A reading and reflection for Friday, December 7, 2012.
The sixth day of Advent.
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This passage from the prophet Malachi (last book in the Old Testament, if you're curious), is an interesting passage. The prophet here is communicating to the people a message from God, a message that is probably a response to an earlier passage in chapter 2:
"You have wearied the LORD with your words. Yet you say, “How have we wearied him?” By saying, “All who do evil are good in the sight of the LORD, and he delights in them.” Or by asking, “Where is the God of justice?”
The people who are receiving Malachi's words have exhausted God with their attempts to rationalize and systematize evil in this world. They were saying--whether figuratively or literally--that God delights in those who do evil and they are good in God's sight. In the face of a reality where the wicked become rich and the righteous remain poor, it doesn't take long before one starts assuming that God might in fact be okay with all this injustice and evil. When one applies the "I'm okay, you're okay, we're okay" model to God and to the human condition, we arrive quickly at something similar. We hear something like this all the time at our churches sometimes: "God loves you just the way you are, don't change, you don't have to do anything, just show up to church and pray the prayer of confession and you're all set. God doesn't care about the sin in your life, he just wants you to like him."
Dietrich Bonhoeffer, a Christian pastor in Germany during World War II, thought that the greatest threat to the Christian church was what he called cheap grace. In his book, The Cost of Discipleship he wrote:
"Cheap grace is the preaching of forgiveness without requiring repentance, baptism without church discipline. Communion without confession. Cheap grace is grace without discipleship, grace without the cross, grace without Jesus Christ."
The practice of cheap grace is one example of the kind of exhausting language Malachi attributes to the people he was addressing. In a sense, the people were saying that God cares little about sin or repentance or purification. And in so doing they began to question: "Where is the God of Justice?"
To these people, Malachi promises that God's messenger is coming to prepare the hearts of the people to receive God into their midst. He rhetorically asks: "But who can endure the day of his coming?" He is like a refiner's fire and fullers' soap. This messenger will ignite a flame that will burn away the impurities (read: sin) of the people, that's what a refiner's fire did; this messenger will clean, bleach, wet, and thicken the "clothes" (read: righteousness) of the people, that's what a fuller did.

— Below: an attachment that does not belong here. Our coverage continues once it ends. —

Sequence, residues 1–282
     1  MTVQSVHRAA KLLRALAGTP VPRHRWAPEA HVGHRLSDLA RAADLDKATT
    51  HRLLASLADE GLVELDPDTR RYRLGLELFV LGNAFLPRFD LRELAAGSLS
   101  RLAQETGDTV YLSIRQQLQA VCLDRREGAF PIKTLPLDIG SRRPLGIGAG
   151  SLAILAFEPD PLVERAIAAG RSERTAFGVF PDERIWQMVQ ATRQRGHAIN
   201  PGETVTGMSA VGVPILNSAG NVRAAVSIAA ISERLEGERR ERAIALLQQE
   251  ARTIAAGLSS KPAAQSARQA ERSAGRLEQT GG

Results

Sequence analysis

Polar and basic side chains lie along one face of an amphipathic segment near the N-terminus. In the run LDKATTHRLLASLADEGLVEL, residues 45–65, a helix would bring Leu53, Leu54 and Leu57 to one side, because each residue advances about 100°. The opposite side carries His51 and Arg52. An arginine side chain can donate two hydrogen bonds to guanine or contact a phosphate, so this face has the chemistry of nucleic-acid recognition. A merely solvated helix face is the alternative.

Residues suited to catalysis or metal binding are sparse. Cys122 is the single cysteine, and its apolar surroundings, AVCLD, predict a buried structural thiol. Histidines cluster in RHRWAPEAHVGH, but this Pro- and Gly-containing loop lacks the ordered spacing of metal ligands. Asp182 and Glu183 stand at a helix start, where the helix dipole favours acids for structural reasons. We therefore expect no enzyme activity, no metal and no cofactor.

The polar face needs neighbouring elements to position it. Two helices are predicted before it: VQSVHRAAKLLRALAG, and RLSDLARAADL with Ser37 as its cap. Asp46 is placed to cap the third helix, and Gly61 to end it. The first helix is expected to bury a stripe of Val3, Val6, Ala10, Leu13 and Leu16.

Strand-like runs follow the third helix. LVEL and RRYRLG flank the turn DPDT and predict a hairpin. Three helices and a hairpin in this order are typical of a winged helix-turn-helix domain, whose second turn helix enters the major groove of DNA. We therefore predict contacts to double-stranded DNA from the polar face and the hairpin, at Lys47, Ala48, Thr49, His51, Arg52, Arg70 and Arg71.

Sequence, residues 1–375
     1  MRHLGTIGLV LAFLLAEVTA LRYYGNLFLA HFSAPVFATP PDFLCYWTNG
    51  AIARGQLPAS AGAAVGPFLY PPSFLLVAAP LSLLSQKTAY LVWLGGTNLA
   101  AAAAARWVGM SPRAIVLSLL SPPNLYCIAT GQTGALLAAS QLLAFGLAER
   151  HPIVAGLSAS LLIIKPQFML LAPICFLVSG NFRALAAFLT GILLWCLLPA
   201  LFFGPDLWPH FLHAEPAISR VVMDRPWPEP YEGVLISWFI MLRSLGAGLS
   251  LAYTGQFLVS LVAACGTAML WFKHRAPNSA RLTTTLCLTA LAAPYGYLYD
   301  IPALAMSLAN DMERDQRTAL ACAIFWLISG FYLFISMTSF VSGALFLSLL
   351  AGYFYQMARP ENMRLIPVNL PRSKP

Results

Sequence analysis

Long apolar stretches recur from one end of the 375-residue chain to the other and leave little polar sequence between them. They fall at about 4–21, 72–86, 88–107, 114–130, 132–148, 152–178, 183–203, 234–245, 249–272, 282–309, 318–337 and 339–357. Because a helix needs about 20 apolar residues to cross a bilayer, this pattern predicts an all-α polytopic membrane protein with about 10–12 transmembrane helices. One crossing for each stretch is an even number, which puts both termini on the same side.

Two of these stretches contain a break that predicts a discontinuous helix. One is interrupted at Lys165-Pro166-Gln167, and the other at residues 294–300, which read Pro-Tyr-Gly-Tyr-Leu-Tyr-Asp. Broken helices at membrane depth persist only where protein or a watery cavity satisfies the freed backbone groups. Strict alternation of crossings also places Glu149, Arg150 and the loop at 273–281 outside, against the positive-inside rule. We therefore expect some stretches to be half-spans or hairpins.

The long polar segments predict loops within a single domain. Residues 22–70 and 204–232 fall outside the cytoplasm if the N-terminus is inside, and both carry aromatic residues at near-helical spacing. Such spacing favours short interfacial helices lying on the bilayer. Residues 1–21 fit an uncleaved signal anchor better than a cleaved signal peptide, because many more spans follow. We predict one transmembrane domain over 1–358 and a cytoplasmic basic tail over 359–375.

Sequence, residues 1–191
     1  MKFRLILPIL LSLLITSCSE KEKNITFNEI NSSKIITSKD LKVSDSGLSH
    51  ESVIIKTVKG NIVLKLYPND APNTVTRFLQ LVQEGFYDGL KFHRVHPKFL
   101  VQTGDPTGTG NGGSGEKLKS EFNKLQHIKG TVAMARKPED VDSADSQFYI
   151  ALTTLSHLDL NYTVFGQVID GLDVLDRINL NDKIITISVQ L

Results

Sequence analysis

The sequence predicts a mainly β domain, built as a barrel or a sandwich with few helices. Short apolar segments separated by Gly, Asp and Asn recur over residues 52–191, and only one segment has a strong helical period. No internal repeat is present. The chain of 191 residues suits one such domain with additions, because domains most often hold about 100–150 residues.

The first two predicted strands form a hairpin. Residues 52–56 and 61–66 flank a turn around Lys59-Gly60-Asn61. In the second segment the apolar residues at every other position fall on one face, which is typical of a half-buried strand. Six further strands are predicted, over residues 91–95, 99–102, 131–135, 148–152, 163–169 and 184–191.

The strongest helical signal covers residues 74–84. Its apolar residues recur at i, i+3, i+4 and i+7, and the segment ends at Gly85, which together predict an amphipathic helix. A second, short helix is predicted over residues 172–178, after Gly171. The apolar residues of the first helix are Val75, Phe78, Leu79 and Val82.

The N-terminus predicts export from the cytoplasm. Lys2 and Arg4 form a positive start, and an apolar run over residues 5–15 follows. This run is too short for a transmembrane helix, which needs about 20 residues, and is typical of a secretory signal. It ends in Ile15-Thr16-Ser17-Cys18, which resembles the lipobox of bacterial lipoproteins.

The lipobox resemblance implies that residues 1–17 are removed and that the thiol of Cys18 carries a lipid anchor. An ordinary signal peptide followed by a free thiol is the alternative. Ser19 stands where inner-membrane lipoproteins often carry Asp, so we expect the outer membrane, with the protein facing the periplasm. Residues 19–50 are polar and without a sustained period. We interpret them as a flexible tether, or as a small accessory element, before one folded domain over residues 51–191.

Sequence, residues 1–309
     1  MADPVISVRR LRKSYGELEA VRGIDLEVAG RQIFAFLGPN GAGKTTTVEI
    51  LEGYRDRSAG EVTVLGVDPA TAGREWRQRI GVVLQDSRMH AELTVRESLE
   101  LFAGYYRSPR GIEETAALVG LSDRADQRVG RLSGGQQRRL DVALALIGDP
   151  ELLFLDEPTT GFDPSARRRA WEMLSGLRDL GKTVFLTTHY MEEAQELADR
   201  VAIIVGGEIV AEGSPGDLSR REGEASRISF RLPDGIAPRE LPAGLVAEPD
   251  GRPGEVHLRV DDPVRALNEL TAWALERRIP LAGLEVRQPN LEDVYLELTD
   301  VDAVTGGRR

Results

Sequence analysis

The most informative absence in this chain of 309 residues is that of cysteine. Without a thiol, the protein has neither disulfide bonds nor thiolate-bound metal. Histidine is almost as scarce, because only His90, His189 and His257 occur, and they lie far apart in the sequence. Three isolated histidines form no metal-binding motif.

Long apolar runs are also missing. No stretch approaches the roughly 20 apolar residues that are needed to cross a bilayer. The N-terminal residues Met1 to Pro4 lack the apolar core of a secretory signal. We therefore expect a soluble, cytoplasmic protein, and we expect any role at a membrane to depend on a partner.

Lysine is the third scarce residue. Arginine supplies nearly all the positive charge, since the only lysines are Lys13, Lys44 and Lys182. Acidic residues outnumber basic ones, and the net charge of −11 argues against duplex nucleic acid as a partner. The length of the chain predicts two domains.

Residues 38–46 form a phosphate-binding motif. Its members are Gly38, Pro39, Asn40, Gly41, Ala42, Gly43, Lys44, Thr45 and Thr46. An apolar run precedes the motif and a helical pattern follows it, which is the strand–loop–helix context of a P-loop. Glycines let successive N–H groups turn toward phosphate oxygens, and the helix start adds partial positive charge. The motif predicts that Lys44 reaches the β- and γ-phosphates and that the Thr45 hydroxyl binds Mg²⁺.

It would seem that the people are going to be met by this refiner's fire and this fullers' soap and that once again, God would be pleased with their offering and with their hearts.
As we read this passage during Advent we read this text as being a reference (or at least a job description) for John the Baptist. The lectionary would agree as it pairs this reading with that of the Gospel introduction to John's ministry (Luke 3:1-6). And John's ministry was about repentance, purification, preparation. John was "a voice crying in the wilderness: 'Prepare the way of the Lord!'" (Luke 3:4).
So as we encounter this passage during this the end of the first week of Advent, we are prompted to consider the fact that this God we worship, and offer prayer to, and sing to, and serve in our daily actions, this God is a God who becomes figuratively weary with our attempts to reduce the importance of repentance by assuming that God forgives us and makes no demands on our daily life. Advent, as a season, is a giant reminder that to receive Christ as a lowly infant, to conceive that God would come among us as one of us, necessarily implies a change in our lives. If God came to us, died for us, forgave us, then we need to go to others, sacrifice for them, forgive them. To receive forgiveness without repentance, to receive grace without sacrifice is to threaten the very integrity of our faith.
God's love is embarrassingly gratuitous. During Advent, let us all pray that we might respond to God's love in a way that prepares our hearts and lives to receive his presence.
Take out a piece of paper. Along the left side write out some things in your life that you need to repent from, no matter how small. Now, on the right side, write out the opposite word that corresponds to what you wrote on the left. Here's an example.
Being judgmental Being generous
Drinking too much Sobriety
Now, connect each pair of words with a line. And as you draw the line, pray that God would begin a new process in your life by which you become more refined and filled out. Accept that you are wrong, more than you probably realize, and that you need to repent from these things. Tell God that you are sorry, and ask God to send the Holy Spirit to help you find new ways of changing and preparing your heart to receive Christ.